Skip to Content

dedicated astronomy camera

ZWO ASI2600MM First Impressions

|Camera|10 Comments

The ZWO ASI2600MM Pro mono is the much anticipated monochrome version of ZWO’s popular ZWO ASI2600MC Pro dedicated astronomy camera. It houses a 26 Megapixel Sony IMX571 back-illuminated sensor, and some seriously impressive specs.

This camera uses a highly sensitive, cooled, monochrome CMOS sensor in the APS-C format. The size and resolution of this sensor is its biggest selling feature.

The ZWO ASI2600MM Pro not only improves on nearly every aspect of its predecessor (the ASI1600MM), the sensor is now APS-C, capturing a larger field of view. In the land of deep space astronomy cameras, the APS-C sensor size is said to be “the sweet spot”, balancing a large field of view with a practical size for demanding optical systems.

If you are thinking about purchasing your first monochrome camera for astrophotography, this would be an excellent choice. It is well supported, features some of the best camera specs in the industry, and is a practical system for a wide variety of telescope configurations. 

Order the ZWO ASI2600MM Pro

Due to its impressive specs and versatility, I believe the ZWO ASI2600MM Pro mono will be one of the most popular cameras for astrophotography in 2021, and beyond. ZWO sent me an early version of the ZWO ASI2600MM Pro to test in my backyard, and report my results. I was not compensated in any way to review this camera, nor was I given any directions of what to talk about. 

ZWO ASI2600MM Pro example image

First light using the 2600MM Pro. 20 x 5-minutes in H-Alpha (3nm Chroma filter). 

The ZWO ASI2600MM Pro Mono

The ZWO ASI2600MM Pro is a lightweight, cooled CMOS astrophotography camera that specializes in deep-sky imaging. This camera shares some features with its ASI1600MM counterpart but there are many upgrades to the 2600MM Pro including; a higher image resolution, a back-illuminated sensor, built-in dew heater, higher full well depth, and quantum efficiency.

In fact, the well depth of the 2600MM Pro is more than twice that of the ASI1600 (50K vs. 20K), and the quantum efficiency is rated to be an impressive 91%. This is the highest QE CMOS camera I have ever used for deep-sky astrophotography. 

Trevor Jones

The 2600MM Pro remains lightweight, although it is slightly heavier than the 1600MM Pro at 1.5 lbs (0.7 kg). The look and feel of the 2600MM Pro are similar to other ZWO cameras with the same port for power, cooling, and USB 3.0 hub.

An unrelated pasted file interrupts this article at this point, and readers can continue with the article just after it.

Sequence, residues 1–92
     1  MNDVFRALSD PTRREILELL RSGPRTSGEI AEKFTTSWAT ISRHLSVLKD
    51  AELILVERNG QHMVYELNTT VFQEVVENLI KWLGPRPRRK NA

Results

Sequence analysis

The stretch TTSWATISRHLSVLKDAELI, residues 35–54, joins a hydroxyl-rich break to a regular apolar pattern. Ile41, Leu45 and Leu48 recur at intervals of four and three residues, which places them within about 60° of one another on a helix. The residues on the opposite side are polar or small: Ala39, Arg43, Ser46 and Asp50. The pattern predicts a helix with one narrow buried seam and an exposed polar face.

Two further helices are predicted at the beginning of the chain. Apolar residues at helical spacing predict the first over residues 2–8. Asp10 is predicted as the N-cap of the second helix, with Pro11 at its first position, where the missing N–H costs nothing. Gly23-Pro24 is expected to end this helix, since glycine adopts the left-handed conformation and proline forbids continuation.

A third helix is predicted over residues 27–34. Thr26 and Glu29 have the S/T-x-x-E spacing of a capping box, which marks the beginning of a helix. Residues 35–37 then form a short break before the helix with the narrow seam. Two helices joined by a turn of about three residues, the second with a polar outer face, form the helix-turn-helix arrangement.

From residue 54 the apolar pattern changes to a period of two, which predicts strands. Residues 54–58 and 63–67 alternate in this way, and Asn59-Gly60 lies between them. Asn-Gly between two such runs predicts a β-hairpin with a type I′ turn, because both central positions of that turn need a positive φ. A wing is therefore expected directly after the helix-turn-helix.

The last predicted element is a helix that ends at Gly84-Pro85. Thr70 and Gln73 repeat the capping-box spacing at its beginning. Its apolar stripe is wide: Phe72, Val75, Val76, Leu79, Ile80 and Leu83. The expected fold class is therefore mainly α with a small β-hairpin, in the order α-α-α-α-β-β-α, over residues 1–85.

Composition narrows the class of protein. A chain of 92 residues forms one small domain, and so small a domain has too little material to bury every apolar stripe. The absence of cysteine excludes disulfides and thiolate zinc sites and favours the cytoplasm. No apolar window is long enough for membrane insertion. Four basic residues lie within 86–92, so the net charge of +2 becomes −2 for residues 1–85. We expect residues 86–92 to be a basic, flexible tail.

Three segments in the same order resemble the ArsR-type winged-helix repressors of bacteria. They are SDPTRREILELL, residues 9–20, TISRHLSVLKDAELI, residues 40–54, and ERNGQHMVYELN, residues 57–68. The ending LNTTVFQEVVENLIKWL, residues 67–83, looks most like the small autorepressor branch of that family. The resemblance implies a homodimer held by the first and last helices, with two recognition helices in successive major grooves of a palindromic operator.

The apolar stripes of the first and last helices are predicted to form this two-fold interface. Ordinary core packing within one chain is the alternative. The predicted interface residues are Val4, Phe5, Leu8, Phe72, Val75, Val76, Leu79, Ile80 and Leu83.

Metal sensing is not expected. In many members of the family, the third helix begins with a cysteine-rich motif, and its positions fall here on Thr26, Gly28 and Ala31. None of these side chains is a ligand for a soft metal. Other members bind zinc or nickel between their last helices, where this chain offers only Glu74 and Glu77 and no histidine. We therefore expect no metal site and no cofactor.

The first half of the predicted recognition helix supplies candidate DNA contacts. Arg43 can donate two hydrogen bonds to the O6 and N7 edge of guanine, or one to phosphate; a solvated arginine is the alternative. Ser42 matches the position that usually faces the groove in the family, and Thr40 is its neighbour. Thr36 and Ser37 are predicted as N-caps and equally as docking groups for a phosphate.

OPT Telescopes shared this video about this camera in early February, and it does a great job of explaining the key specifications of the camera.

As with other monochrome cameras, filters are needed with the ASI2600 to produce a full-color image. Many will use this camera for narrowband imaging, but this astronomy camera would make an excellent LRGB imaging workhorse as well.

A power cable is needed for powering the cooling system that will control the sensor temperature and help to reduce noise in your image. If you are looking for a suitable power supply for the ZWO ASI2600MM Pro, I recommend using a 12V 5A AC/DC adapter as described on the ZWO website

ZWO ASI2600MM Pro

ASI2600MM Pro Mono Key Features and Specs

Sensor:

The 2600MM Pro camera features a 26-megapixel sensor that provides a wider/larger field of view with increased dynamic range to deliver clear, crisp images. Another feature of the 2600MM Pro sensor is the back-illuminated sensor. This helps to reduce noise and eliminate amp glows produced by weak infrared light that appear in the corner of uncalibrated images.

Pixel size:

Pixel size of the 2600MM Pro is 3.76um. The combination of 3.76 um pixels and a larger sensor allow for a much larger resolution and overall image with a full resolution of 6248 x 4176.

You can calculate the pixel scale of your camera system by combining this value (3.76), and your telescope’s focal length. The ideal range is about 2.0 for a well-sampled image, but this is only a general rule of thumb based on optical seeing conditions. 

The calculation is pixel size divided by focal length, x 206. For example, when pairing this camera with my Sky-Watcher Esprit 100 telescope, I reach a pixel scale of 1.4. (3.76 ÷ 550 x 206 = 1.4)

ASI2600MM Mono

The ASI2600MM Pro mono is noticeably larger and heavier than my ASI294MC Pro and ASI533MC Pro. 

Full Well Depth: